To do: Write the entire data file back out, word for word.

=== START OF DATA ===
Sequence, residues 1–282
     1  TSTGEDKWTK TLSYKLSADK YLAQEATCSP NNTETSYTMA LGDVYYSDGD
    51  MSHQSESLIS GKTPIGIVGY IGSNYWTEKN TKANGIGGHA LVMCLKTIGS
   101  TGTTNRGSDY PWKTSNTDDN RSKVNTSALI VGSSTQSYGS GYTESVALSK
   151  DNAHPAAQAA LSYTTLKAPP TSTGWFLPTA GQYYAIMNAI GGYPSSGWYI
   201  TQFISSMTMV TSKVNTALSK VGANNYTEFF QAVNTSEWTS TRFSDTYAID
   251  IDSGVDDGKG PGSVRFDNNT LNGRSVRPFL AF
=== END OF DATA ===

Sequence, residues 1–282
     1  TSTGEDKWTK TLSYKLSADK YLAQEATCSP NNTETSYTMA LGDVYYSDGD
    51  MSHQSESLIS GKTPIGIVGY IGSNYWTEKN TKANGIGGHA LVMCLKTIGS
   101  TGTTNRGSDY PWKTSNTDDN RSKVNTSALI VGSSTQSYGS GYTESVALSK
   151  DNAHPAAQAA LSYTTLKAPP TSTGWFLPTA GQYYAIMNAI GGYPSSGWYI
   201  TQFISSMTMV TSKVNTALSK VGANNYTEFF QAVNTSEWTS TRFSDTYAID
   251  IDSGVDDGKG PGSVRFDNNT LNGRSVRPFL AF